Postal Reform

The U.S. Postal Service (USPS) supports a $1.4 trillion mailing industry that employs 7.5 million people through which small and large businesses, nonprofit organizations, and consumers can transact business, advertise services and distribute products. In addition, approximately 39 percent, or nearly $6.5 billion worth of communications papers produced in the U.S. are delivered through the mail system.

Despite being a significant driver of the nation’s economic engine, the USPS faces financial insolvency. The Postal Regulatory Commission issued its FY 2016 Financial Analysis Report of the Postal Service, reporting a net loss of $5.6 billion, a deterioration of $0.5 billion compared to FY2015 and liabilities at the end of FY2016 totaling $81.2 billion. As the volume of mail declines and the number of delivery points increases, the USPS simply cannot generate sufficient funds to cover its mandated expenses and also invest in critically-deferred infrastructure needs. While the USPS has implemented cost-cutting measures, without action from Congress to address the fundamental underlying problems and to provide the flexibility to create new revenue streams, it cannot be financially solvent.

As part of current postal law (PAEA2006), the Postal Regulatory Commission (PRC) began its required 10-year review of the system for regulating postal rates on Dec. 20, 2016. If the PRC finds that the current rate system does not meet the objectives established by Congress, it has the authority to either propose rules that modify the system or adopt an alternative system to achieve the objectives. Based on the financial condition of the Postal Service, and without postal reform legislation, the PRC could recommend double-digit rate increases for several consecutives years.  Such a move could create sticker shock that would have damaging effects on mail volume and risk the use of mail as a competitive option for marketers and business communication.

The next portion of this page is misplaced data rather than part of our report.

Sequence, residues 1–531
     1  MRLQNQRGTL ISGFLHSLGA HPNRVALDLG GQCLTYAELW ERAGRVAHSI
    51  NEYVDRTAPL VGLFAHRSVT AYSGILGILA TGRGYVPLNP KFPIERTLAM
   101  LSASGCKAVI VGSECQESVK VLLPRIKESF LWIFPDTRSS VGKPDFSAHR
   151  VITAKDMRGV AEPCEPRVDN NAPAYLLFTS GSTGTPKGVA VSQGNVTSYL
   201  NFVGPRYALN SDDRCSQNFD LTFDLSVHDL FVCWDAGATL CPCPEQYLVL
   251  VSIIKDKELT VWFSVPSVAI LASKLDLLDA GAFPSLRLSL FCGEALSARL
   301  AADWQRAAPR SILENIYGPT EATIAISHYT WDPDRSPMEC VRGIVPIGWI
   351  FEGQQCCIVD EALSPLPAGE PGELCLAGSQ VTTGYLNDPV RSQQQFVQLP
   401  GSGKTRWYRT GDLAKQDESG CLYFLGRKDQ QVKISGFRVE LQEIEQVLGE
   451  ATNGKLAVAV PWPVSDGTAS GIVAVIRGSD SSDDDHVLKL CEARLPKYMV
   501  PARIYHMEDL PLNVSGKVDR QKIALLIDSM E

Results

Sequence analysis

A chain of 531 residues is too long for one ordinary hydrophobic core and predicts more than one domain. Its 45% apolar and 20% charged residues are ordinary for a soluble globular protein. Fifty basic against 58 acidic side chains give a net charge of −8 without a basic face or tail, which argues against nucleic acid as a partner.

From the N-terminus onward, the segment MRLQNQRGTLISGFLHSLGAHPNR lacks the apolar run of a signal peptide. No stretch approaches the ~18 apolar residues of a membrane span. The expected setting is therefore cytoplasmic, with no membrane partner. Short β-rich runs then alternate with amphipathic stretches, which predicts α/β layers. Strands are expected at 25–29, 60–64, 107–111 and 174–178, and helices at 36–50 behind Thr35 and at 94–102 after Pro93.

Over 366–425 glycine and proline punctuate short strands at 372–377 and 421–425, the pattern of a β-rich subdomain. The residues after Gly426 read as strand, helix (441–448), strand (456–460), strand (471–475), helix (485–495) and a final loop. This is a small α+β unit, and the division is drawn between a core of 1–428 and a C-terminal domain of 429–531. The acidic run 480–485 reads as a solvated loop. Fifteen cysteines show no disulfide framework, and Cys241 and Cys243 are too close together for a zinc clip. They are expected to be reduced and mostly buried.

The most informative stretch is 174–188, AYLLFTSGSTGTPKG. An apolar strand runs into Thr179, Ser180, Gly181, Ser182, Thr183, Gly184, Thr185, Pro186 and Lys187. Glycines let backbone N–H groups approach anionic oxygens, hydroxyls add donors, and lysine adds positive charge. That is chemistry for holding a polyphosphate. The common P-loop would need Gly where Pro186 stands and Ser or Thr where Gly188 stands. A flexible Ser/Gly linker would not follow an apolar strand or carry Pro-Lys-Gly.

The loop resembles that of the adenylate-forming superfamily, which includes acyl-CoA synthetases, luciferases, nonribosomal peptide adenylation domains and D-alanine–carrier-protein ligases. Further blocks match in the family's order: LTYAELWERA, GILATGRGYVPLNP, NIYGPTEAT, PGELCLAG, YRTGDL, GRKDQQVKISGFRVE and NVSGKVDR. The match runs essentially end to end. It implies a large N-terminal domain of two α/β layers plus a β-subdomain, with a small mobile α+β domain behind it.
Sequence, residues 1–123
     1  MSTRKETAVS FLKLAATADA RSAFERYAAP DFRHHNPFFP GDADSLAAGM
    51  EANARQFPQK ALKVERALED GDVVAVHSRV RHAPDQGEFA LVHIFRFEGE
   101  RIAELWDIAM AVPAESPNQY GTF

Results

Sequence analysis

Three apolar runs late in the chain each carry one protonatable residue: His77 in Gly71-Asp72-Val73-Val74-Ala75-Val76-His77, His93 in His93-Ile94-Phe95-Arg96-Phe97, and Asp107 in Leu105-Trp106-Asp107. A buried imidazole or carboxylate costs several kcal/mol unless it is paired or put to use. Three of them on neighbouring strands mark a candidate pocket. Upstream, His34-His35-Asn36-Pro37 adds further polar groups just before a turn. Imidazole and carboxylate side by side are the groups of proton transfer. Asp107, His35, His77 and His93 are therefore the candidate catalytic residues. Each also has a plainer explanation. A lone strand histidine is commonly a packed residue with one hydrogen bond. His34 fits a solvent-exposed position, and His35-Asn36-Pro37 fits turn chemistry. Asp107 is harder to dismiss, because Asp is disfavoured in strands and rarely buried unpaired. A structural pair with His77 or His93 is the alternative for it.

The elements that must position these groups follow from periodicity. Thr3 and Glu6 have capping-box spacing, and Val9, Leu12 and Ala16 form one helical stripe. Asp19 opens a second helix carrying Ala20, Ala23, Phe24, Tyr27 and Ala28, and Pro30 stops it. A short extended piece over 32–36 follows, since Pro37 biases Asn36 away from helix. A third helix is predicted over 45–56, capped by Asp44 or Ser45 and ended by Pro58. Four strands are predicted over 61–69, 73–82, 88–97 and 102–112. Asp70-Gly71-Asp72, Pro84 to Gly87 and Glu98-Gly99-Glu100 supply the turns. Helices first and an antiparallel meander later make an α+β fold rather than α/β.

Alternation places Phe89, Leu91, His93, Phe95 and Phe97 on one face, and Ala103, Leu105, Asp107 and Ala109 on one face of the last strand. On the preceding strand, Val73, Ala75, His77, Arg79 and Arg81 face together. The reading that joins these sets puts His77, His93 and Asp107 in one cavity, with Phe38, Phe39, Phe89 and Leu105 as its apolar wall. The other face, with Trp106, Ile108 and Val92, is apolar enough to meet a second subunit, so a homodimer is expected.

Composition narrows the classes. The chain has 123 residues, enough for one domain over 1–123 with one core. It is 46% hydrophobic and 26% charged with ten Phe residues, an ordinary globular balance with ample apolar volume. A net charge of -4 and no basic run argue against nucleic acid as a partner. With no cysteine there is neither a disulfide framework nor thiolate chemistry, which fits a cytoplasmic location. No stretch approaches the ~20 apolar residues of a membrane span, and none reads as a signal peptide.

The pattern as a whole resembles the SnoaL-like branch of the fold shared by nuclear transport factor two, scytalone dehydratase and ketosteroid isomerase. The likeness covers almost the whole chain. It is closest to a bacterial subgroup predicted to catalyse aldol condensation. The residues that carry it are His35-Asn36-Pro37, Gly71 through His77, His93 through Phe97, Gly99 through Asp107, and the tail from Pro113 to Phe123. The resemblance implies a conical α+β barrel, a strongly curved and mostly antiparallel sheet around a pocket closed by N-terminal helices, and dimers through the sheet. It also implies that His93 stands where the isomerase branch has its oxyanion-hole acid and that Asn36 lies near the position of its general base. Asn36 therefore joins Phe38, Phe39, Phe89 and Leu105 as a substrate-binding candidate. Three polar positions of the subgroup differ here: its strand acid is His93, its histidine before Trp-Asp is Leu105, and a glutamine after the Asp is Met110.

Serving 153 million residents, offices and businesses across the country, the USPS connects people and business transactions through a sophisticated delivery infrastructure no other entity can provide.

Policy Recommendations:

  • Ensure the fiscal viability of the USPS by eliminating unreasonably-imposed financial obligations such as benefit pre-funding and the return of Federal Employees’ Retirement System overpayments to the Postal Service;
  • Allow the ​USPS to innovate and develop new revenue sources;
  • Support service standards that meet the needs of the public and business customers, including continued six-day mail delivery;
  • Ensure postal rate setting has checks and balances that provide price predictability for mailers and cost-control incentives for USPS; and
  • Enable mail as a cost competitive option for business communications.

For mail to remain a vital part of the American economy, high quality service and reliability at an affordable cost are necessary.  Raising rates and reducing services are counterproductive in an economy where industry and consumers are seeking faster and cheaper delivery options for communications and business transactions. These actions would simply make mail less competitive and further accelerate volume and revenue losses.
The USPS is a vital service relied upon by all Americans, and AF&PA supports postal reform measures that allow the USPS to continue serving its mission. Only Congress can provide the necessary tools through comprehensive legislation that will provide the USPS with the flexibility and authority to quickly adapt to changing market needs.